Repeated exposure to polycyclic aromatic hydrocarbons and asthma: effect of seroatopy.
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AuthorJung, Kyung Hwa
Chillrud, Steven N
Perzanowski, Matthew S
Whyatt, Robin M
Kinney, Patrick L
Perera, Frederica P
Miller, Rachel L
Journal titleAnnals of allergy, asthma & immunology : official publication of the American College of Allergy, Asthma, & Immunology
Publication Begin page249
Publication End page54
MetadataShow full item record
AbstractBackground: Exposure to traffic-related air pollutants, including polycyclic aromatic hydrocarbons (PAHs), can induce asthma. However, the effects of early repeated PAH exposure over time on different asthma phenotypes have not been examined. Objective: To assess associations between repeated PAH exposure, measured from prenatal personal and residential indoor monitors in children's homes, and asthma in an inner-city cohort. Methods: Prenatal exposure was assessed by personal air monitoring during 48 hours and exposure at 5 to 6 years of age by 2-week residential monitoring in the Columbia Center for Children's Environmental Health cohort. PAH was dichotomized into pyrene (representative semivolatile PAH) and the sum of 8 nonvolatile PAHs. High exposure to each was defined as measures above the median at both repeated time points. Asthma and wheeze were determined by validated questionnaires at ages 5 to 6 years. Children with specific IgE levels greater than 0.35 IU/mL to any of 5 indoor allergens were considered seroatopic. Results: Among all 354 children, repeated high exposure to pyrene was associated with asthma (odds ratio [OR], 1.90; 95% confidence interval [CI], 1.13-3.20). Among 242 nonatopic children, but not those sensitized to indoor allergens (n = 87) or with elevated total IgE levels (n = 171), high pyrene levels were associated positively with asthma (OR, 2.89; 95% CI, 1.77-5.69), asthma medication use (OR, 2.28; 95% CI, 1.13-4.59), and emergency department visits for asthma (OR, 2.43; 95% CI, 1.20-4.91). Associations between the levels of the 8 nonvolatile PAHs and asthma were not observed, even when stratifying by seroatopy. Conclusion: Nonatopic children may be more susceptible to the respiratory consequences of early pyrene exposures.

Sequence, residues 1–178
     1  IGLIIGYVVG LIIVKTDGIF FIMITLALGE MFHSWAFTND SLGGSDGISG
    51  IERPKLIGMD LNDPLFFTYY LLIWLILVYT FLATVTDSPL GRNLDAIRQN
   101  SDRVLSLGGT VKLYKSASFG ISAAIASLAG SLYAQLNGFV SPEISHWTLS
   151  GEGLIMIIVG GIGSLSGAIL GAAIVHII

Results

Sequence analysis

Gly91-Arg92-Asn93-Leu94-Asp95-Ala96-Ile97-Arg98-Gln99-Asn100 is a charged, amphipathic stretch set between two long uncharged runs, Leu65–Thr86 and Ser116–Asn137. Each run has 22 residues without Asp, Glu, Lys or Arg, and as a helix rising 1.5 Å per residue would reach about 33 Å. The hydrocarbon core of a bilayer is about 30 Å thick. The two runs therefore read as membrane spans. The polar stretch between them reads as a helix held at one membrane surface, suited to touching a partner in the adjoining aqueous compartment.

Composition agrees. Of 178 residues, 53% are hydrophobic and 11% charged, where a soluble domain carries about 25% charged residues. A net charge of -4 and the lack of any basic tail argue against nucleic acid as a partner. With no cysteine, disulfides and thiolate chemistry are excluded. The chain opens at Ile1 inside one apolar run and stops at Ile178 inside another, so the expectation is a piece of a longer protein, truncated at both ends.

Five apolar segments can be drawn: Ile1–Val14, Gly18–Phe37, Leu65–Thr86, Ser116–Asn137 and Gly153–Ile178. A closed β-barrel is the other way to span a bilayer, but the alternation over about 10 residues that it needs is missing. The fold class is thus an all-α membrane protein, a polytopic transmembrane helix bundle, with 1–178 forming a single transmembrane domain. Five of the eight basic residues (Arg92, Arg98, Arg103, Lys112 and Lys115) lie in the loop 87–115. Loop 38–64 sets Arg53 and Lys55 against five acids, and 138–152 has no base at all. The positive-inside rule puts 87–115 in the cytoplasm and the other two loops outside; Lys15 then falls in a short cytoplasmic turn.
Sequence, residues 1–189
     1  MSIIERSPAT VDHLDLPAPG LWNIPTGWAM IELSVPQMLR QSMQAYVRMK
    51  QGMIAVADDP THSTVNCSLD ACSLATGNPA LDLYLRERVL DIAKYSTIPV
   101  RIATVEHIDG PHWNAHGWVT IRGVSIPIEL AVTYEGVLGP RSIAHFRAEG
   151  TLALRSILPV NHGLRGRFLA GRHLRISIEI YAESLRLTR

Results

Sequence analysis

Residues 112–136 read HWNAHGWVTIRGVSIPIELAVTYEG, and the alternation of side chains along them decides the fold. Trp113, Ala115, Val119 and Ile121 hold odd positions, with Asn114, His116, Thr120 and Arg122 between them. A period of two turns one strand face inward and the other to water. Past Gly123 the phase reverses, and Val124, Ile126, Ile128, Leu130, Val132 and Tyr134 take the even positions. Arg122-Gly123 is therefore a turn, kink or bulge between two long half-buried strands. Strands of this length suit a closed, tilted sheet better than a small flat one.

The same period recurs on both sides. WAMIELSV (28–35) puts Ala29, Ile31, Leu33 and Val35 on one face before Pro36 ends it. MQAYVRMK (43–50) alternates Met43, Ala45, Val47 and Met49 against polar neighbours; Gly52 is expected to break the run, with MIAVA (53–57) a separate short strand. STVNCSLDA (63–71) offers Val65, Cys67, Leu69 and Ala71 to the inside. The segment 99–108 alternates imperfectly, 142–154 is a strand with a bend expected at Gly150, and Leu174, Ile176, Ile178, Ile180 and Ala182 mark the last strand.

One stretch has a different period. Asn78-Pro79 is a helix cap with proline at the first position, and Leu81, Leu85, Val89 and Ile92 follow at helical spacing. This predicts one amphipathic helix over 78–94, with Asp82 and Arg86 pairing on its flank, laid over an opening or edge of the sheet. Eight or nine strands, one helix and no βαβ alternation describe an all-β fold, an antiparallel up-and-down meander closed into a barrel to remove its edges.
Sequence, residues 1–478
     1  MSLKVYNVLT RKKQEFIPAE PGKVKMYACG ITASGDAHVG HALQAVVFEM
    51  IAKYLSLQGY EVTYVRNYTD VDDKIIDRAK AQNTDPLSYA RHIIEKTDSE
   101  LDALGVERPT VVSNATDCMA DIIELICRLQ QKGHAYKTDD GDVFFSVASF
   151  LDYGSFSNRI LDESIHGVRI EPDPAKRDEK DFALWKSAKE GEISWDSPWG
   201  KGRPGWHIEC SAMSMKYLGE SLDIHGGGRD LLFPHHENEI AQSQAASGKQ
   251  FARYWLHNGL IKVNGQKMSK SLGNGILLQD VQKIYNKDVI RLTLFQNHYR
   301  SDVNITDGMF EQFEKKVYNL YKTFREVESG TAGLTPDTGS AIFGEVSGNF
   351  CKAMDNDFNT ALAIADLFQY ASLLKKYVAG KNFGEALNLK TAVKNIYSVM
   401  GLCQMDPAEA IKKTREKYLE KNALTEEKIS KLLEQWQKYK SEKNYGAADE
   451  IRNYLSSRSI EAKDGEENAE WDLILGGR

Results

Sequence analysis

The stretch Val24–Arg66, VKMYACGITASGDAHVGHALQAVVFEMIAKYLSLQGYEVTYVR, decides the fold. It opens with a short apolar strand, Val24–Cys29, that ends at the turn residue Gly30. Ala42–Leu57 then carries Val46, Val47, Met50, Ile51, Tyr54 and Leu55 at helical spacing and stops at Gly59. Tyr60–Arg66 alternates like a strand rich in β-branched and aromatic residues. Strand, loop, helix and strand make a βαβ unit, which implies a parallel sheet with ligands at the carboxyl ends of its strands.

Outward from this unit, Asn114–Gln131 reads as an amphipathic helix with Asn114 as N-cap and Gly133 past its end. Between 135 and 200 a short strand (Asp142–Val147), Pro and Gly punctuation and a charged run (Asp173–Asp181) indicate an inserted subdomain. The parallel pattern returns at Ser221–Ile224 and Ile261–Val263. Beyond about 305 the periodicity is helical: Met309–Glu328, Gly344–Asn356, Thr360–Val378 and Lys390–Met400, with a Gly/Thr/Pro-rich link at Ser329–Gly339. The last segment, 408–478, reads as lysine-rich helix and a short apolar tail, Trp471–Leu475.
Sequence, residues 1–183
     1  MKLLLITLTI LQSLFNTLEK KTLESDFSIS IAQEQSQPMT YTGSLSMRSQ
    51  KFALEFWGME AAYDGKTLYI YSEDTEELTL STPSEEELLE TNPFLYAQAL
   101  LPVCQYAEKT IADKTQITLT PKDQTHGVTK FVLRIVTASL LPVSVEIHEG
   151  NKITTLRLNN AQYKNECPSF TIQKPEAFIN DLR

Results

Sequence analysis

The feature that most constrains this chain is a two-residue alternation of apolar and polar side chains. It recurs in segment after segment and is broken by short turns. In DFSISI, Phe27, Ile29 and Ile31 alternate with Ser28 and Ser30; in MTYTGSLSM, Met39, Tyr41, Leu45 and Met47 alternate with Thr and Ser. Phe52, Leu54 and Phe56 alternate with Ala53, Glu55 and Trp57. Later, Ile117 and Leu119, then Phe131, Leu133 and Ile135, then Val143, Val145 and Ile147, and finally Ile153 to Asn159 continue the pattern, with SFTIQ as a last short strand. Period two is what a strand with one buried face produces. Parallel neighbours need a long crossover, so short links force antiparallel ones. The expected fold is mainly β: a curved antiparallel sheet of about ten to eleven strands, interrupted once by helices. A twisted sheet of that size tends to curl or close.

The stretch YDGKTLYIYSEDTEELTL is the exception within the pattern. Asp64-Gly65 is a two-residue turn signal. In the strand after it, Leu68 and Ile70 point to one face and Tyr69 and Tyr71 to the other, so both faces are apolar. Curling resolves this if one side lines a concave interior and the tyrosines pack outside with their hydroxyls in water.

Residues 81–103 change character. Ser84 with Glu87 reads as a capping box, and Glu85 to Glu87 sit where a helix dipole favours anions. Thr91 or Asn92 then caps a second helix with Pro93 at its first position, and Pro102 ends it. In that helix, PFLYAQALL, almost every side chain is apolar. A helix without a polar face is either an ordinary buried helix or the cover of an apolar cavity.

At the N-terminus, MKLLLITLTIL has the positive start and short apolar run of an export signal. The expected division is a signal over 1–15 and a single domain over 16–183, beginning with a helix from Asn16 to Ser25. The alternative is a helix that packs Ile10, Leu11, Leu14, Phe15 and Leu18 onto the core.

CitationJung KH, Yan B, Moors K, Chillrud SN, Perzanowski MS, Whyatt RM, Hoepner L, Goldstein I, Zhang B, Camann D, Kinney PL, Perera FP, Miller RL. Repeated exposure to polycyclic aromatic hydrocarbons and asthma: effect of seroatopy. Ann Allergy Asthma Immunol. 2012 Oct;109(4):249-54. doi: 10.1016/j.anai.2012.07.019. Epub 2012 Aug 15. PMID: 23010230; PMCID: PMC3496175.
The following license files are associated with this item:
- Creative Commons
Except where otherwise noted, this item's license is described as Copyright © 2012 American College of Allergy, Asthma & Immunology. Published by Elsevier Inc. All rights reserved.
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